Cole was born in 1638 or 1639, probably in Warwick River County (after 1643 Warwick County). He was most likely the son of William Cole, who arrived in Virginia from Essex County, England, in 1618 and in 1629 represented Nutmegg Quarter in the General Assembly. The name of his mother is uncertain, but she may have been the Francis (or Frances) Cole who came to the colony aboard the Susan in 1616. Nothing is known about Cole’s early life or education, but he studied law and was representing clients before the General Court by October 1670. By the spring of 1672 he was a lieutenant colonel in the county militia. In April 1671 Cole purchased from Frances Culpeper Stephens Berkeley and her second husband, Governor Sir William Berkeley, 1,350 acres of land in Warwick County, an estate later known as Boldrup or Bolthrope. Cole eventually acquired more than 2,400 additional acres in Elizabeth City, Warwick, and York counties.
On March 3, 1675, the governor appointed Cole and three other men, including Nathaniel Bacon, to the governor’s Council. Cole took the oath of office three days later. When Bacon’s Rebellion began in the summer of 1676, he criticized Bacon’s treatment of the Indians but acted as an intermediary between the governor and the rebel in June. The next month Cole joined the governor when he withdrew to the Eastern Shore, and Bacon subsequently enumerated Cole on his list of “wicked, and pernitious Councollors, aiders, and Assisters against the Commonalty.” The royal commissioners sent to suppress the rebellion and investigate its causes confirmed Cole’s loyalty and his position on the Council. In March 1677 Cole was one of six witnesses to Berkeley’s will.
On May 4, 1683, Cole and other Council members signed a letter recommending that the Lords Committee for Trade and Plantations improve the governance of the colony by restricting trade with the Indians to a few persons to be designated by the governor, accurately defining Virginia’s borders to cut off encroachments by Maryland and North Carolina, providing a sixty-man garrison for security, redirecting certain quitrents to the colonial government’s use, limiting tobacco production, and permitting a tobacco levy. Twice in the 1680s Cole assisted in the suppression of piracy. In June 1682 the Council ordered him to impress a vessel and collect a crew to pursue a pirate ship that had been raiding along the York River. Cole took testimony in June 1688 from Edward Davis and three other men for trial before the General Court in the last recorded piracy case before the formation of a court of vice-admiralty in the colony.
Cole augmented his income with the lucrative post of customs collector for the upper district of the James River, which he held until the summer of 1686, when the governor transferred him to the lower district. Three marriages also advanced his status and bound him more firmly into the tangled kinship networks of the colonial elite. With his first wife, whose name is unknown but to whom he was married by 1674, he had at least one daughter, who married Dudley Digges (d. 1711), a member of the Council and brother of Cole’s second wife. Sometime after the death of his first wife, Cole married Ann Digges, daughter of Edward Digges, who was governor in 1655 and 1656. They had at least two sons before her death on November 22, 1686. By mid-1689 Cole had married Martha Lear, daughter of the Council member John Lear. They had at least two daughters and two sons. After Cole’s death, his widow married Lewis Burwell, a Gloucester County planter.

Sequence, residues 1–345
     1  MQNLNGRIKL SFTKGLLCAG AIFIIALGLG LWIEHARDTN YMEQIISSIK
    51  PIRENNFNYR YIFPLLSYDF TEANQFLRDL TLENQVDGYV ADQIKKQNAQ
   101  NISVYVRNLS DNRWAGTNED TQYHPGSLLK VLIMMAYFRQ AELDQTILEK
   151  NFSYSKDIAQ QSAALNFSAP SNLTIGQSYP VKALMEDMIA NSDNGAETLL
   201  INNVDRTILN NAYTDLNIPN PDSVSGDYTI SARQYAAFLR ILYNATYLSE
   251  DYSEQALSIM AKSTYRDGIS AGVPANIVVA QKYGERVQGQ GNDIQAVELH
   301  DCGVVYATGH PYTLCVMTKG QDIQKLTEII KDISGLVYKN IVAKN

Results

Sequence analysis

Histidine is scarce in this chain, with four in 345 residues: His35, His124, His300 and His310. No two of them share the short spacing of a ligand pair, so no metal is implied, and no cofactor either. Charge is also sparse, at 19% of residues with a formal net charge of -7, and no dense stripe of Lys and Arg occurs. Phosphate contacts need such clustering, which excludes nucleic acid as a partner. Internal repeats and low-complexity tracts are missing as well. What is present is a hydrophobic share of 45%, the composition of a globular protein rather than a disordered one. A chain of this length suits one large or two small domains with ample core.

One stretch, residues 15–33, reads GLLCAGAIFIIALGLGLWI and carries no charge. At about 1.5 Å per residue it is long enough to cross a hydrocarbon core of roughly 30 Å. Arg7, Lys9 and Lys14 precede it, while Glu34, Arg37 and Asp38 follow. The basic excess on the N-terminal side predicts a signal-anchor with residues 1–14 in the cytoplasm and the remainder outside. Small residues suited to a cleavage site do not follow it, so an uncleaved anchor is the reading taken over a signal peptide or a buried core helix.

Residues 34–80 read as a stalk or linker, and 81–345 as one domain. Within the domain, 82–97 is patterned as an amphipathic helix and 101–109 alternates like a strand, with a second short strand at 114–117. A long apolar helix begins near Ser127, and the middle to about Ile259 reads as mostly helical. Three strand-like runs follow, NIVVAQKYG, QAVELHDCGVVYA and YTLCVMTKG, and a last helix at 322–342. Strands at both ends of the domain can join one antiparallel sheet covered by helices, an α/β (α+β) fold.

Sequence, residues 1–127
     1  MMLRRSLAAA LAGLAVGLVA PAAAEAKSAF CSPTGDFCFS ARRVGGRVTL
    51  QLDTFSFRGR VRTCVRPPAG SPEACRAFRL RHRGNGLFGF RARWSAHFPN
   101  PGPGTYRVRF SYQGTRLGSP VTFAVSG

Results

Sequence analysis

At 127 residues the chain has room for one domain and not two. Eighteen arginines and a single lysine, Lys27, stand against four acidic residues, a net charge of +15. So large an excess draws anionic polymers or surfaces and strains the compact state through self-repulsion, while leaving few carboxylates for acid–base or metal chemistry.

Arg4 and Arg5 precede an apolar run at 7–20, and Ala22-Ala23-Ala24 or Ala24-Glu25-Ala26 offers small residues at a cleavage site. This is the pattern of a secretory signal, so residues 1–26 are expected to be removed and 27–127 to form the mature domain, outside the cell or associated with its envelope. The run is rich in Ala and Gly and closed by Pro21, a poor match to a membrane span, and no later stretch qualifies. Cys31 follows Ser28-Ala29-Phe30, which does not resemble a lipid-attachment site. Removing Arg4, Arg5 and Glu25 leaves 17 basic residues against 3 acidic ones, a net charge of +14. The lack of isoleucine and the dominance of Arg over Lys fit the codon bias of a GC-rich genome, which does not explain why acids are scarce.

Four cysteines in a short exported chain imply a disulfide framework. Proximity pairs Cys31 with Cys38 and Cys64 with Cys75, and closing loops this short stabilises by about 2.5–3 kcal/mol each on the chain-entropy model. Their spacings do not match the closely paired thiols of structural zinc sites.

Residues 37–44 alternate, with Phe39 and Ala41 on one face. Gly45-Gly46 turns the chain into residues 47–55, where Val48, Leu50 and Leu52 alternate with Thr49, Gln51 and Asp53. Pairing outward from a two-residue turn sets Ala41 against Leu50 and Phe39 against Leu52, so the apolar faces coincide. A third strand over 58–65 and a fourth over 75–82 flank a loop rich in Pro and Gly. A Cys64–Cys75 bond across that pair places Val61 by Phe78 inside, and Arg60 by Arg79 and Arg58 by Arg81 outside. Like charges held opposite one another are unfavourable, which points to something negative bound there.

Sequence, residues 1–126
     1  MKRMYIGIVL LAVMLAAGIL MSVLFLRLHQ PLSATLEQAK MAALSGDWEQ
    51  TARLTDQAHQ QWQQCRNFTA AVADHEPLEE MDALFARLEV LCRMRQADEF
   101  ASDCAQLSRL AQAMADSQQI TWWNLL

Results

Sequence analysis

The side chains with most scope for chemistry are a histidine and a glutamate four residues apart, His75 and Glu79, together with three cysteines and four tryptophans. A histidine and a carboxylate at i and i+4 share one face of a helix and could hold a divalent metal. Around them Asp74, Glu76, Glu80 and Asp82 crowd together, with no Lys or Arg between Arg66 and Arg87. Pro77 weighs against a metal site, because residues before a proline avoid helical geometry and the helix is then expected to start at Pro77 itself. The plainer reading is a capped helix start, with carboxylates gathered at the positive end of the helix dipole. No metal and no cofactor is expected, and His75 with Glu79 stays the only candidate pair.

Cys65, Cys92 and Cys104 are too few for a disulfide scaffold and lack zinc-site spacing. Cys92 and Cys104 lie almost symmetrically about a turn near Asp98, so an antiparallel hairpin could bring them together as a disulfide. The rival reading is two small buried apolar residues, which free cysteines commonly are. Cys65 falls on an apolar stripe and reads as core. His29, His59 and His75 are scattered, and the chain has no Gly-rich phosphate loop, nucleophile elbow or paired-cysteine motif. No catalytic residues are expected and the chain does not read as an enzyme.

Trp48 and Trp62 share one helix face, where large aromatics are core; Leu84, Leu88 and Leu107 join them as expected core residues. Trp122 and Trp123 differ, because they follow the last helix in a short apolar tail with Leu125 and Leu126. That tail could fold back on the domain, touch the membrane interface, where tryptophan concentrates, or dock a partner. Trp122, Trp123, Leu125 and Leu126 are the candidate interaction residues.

On October 18, 1689, the president of the Council appointed Cole to the vacant office of secretary of the colony, an important and profitable post responsible for maintaining the official correspondence of the governor and Council, drawing up and recording all public documents, reporting the General Assembly’s proceedings, keeping the seal of the colony, and naming the county clerks. The king and queen granted him the office on January 17, 1690. Cole was one of four councillors appointed in May 1691 to a committee to accept a royal charter for a college in the colony. The second man named in the charter of February 8, 1693, establishing the College of William and Mary, Cole was a founding visitor, or trustee, of the institution.
By that time, however, Cole had blundered and toppled from power. Without the knowledge of the other councillors, in April 1691 he sent an indiscreet letter to Governor Francis Howard, baron Howard of Effingham, then in England, in which he “very highly taxed and abused his Honor the Lieut Govr,” Francis Nicholson. On June 23, 1692, Nicholson produced a copy of the letter during a Council meeting and confronted Cole, who immediately submitted his resignation as councillor, secretary, and customs collector. In an effort to save face, he cited not his embarrassment but rather his rapidly declining health, “as he is lately much decayed in his body & Strength, and by reason of a deepe Melancholly that hath Seized him.” Cole died on March 4, 1694, and was buried at his Boldrup plantation in Warwick County.